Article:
Photo: Chris Scott
We’ve had a beautiful problem in the last year or so: too many people wanting to come to Nothing But the Poem sessions.
I’m not complaining – the thought of cramming readers into the building to talk about poems is my idea of a day well spent. But in order to make room for people to squash around the tables, we’ve extended it to two sessions each month, one on a Thursday evening and one on a Saturday morning. We cap attendance at 12, and about 10 people made it to each session despite forecast snow on Saturday. Two people at each session told me they’d never read any Elizabeth Bishop poems before; and there was at least one person at each session who was more familiar with her life and work than I am. It makes for a good mix; the people who are coming to the work fresh can offer their first responses, and the people who know it better can add their experience.
We read: ‘The Map’, ‘A Miracle for Breakfast’, both from her first collection North and South (1946); ‘At the Fishhouses’, ‘The Shampoo’, both from A Cold Spring (1955); ‘Manners’, from Questions of Travel (1965); and her translation of a Portuguese sonnet by Vinicius de Moraes, which Bishop translated as ‘Sonnet of Intimacy’. Why that last one? I hear you ask. Because the Collected Poems has the translation by Bishop, and – in the introduction by Tom Paulin – a literal translation for comparison.
We read the poems aloud first, which is always a slightly strange experience – when else do you sit around and read poems out while others listen? You always hear something fresh, or notice a different aspect to the words when you actually feel them on your tongue, as opposed to that quick, frictionless reading we do in private and in silence.
The sound and experience of reading these poems brought out for some a strong sense of the amount of times she repeats words and phrases; for one reader, the susurration of ‘s-‘ sounds; for another, a re-awareness of her ‘speakerly’ rhythms and phrasing, even when working with a form that at first seems rhythmically even. There was the issue of complex syntax; some of the poems were at first hard to read aloud and retain the sense. We were taken with the strength, precision, richness, delicacy of visual description, and the vivid images. The dry but nostalgic affection of ‘Manners’ raised grins, as did the unexpectedly stately pissing in ‘Sonnet of Intimacy’.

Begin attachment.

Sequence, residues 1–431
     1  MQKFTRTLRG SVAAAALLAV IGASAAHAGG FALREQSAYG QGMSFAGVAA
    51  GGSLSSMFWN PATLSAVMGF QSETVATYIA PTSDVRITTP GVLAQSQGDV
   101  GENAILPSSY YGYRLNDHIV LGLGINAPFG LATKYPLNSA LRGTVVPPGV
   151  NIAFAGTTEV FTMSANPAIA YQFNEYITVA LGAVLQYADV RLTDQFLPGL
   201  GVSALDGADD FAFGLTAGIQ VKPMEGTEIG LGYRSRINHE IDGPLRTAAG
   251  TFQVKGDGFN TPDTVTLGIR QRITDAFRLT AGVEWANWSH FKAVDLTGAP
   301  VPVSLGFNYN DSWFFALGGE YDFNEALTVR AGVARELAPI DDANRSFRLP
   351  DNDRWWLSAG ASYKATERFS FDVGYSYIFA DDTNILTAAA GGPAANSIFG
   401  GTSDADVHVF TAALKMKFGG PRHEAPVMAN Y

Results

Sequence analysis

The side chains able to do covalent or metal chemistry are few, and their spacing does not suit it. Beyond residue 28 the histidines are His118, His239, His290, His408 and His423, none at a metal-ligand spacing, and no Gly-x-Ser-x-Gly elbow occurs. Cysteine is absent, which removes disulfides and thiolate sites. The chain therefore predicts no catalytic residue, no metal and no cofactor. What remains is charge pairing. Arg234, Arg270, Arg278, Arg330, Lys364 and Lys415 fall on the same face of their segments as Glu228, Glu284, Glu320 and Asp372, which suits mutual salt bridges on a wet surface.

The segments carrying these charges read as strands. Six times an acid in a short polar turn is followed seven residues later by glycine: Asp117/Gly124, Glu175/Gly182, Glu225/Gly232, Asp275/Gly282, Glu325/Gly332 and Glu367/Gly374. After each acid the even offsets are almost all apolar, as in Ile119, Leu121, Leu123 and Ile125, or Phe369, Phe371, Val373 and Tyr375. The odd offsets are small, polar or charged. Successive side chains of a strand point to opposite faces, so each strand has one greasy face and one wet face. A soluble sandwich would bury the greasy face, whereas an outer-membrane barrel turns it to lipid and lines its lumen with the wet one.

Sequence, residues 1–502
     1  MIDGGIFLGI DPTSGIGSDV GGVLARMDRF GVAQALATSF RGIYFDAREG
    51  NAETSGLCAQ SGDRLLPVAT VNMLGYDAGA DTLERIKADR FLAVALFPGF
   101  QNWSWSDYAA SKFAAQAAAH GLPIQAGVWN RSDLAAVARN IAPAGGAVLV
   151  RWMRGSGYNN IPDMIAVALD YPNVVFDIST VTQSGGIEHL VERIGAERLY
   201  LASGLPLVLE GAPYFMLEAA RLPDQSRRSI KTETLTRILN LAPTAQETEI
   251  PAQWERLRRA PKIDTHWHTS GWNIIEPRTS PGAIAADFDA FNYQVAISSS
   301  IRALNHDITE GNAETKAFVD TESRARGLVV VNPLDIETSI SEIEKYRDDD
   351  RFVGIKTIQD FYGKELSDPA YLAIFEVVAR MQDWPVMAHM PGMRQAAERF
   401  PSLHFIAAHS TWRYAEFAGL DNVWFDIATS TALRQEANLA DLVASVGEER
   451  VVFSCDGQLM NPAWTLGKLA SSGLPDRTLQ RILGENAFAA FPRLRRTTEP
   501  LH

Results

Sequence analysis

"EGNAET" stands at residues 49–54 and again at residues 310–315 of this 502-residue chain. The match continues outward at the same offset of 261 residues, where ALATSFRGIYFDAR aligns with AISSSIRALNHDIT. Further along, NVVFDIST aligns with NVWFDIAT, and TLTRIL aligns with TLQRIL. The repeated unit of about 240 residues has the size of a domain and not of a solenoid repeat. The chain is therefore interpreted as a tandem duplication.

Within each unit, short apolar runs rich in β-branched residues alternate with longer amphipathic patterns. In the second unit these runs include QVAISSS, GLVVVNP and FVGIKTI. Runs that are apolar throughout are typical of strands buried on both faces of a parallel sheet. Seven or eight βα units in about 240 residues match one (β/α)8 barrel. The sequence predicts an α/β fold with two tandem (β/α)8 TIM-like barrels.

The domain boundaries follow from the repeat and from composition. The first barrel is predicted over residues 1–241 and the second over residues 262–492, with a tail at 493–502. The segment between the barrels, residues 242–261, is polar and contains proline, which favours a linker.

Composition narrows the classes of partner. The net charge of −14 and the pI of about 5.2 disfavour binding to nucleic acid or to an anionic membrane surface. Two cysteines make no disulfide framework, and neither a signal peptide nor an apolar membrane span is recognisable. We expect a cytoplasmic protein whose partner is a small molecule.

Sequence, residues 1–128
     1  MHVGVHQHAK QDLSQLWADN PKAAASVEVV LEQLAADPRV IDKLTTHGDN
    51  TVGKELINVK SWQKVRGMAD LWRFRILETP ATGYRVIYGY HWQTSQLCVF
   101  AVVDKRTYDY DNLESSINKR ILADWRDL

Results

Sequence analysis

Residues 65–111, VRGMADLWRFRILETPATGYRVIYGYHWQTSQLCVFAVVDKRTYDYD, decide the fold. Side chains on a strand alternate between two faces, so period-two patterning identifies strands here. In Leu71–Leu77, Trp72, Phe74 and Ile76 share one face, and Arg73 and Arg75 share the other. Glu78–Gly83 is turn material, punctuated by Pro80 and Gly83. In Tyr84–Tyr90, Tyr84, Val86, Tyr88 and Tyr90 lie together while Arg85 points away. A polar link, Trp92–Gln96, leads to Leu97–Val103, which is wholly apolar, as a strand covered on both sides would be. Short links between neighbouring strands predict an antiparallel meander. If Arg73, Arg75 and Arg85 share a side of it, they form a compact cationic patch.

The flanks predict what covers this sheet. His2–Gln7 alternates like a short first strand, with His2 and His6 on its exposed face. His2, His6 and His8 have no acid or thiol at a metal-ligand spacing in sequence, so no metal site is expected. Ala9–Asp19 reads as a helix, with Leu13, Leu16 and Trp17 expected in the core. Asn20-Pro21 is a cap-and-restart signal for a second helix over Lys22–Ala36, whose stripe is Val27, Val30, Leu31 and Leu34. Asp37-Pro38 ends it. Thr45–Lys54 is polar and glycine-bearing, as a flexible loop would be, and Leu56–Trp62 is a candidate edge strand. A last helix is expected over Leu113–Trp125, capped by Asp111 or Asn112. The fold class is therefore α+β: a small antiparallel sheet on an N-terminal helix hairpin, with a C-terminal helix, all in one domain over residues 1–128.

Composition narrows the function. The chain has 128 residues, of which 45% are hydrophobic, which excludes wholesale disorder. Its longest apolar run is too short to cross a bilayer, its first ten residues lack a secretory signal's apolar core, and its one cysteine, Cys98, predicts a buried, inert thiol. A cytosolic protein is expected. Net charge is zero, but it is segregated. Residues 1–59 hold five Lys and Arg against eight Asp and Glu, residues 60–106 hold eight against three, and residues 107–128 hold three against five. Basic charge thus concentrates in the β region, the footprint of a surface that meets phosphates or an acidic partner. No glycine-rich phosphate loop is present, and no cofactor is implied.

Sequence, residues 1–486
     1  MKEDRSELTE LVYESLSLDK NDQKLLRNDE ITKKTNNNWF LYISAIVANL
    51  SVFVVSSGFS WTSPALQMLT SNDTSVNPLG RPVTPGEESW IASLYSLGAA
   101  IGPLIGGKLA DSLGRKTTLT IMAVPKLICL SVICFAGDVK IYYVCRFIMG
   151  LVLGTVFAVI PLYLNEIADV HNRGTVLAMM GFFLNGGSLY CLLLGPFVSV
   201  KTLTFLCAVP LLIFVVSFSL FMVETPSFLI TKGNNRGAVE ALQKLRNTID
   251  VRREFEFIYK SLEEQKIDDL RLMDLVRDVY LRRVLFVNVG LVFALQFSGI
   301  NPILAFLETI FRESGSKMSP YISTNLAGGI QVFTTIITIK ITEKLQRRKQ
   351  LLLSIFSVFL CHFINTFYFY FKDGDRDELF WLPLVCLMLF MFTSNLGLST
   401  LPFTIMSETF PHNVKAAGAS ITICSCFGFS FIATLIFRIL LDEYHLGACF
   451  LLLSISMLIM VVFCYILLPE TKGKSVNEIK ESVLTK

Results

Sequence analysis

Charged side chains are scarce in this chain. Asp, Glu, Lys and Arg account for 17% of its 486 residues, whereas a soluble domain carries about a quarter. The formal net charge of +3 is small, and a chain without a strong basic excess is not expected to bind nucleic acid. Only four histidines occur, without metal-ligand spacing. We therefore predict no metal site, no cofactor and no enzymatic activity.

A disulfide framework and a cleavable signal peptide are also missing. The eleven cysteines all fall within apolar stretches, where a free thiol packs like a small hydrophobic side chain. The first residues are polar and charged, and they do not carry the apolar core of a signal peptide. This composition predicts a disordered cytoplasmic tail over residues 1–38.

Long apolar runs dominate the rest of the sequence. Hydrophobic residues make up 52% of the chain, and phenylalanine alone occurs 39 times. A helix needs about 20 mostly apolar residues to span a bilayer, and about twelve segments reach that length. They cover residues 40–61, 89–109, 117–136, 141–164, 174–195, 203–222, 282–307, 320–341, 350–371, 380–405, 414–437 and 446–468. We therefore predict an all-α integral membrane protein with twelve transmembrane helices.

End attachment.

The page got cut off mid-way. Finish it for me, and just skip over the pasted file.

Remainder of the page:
On Thursday evening, we looked at ‘At the Fishhouses’ and ‘The Shampoo’, and on Saturday spent the rest of the session looking just at ‘At the Fishhouses’; one so long and ambitious in its aim, and the other short, lyric, and a later piece. I’d asked where people felt the longer poem changed in direction, or mood, or vision, or just seemed to take a breath and start a new line of inquiry; this is often slightly different for everybody.
Some other questions that came up included: What’s the effect of repeating that line ‘Cold dark deep and absolutely clear’? How she creates the sense of distance, and of stillness (or arrested movement); the ‘cold’ that appears throughout the poem. The conversation with the old man, and the encounter with the seal, both felt significant; but were they moments of intimate, human contact (yes, yes, even with the seal), or did they point towards a cool detachment? And most of all, as the poem twists and glides and keeps you reading at a strangely measured pace, where does it end up? At the finish, is it an ambitious but doomed attempt to describe the impossible, or a satisfying, illuminating moment of perfect if temporary peace?
Recommendations from readers who knew the poems well include: ‘One Art’; ‘The Fish’; and Alice Quinn’s edition of Bishop’s drafts. I’m adding a recommendation to borrow (when available) or beg or steal the two volumes of Collected Poems and Collected Prose, and I was specially struck by Anne Stevenson’s Five Looks At Elizabeth Bishop. One reader’s since added some further thoughts by email; he said that ‘At the Fishhouses’ ‘surprisingly made me think of a similar intellectual/religious/philosophical atmosphere in Matthew Arnold's ‘Dover Beach’’. Does this strike anybody else as being the case? You can tell us via Twitter (@byleaveswelive) or Facebook.
Reader Development Officer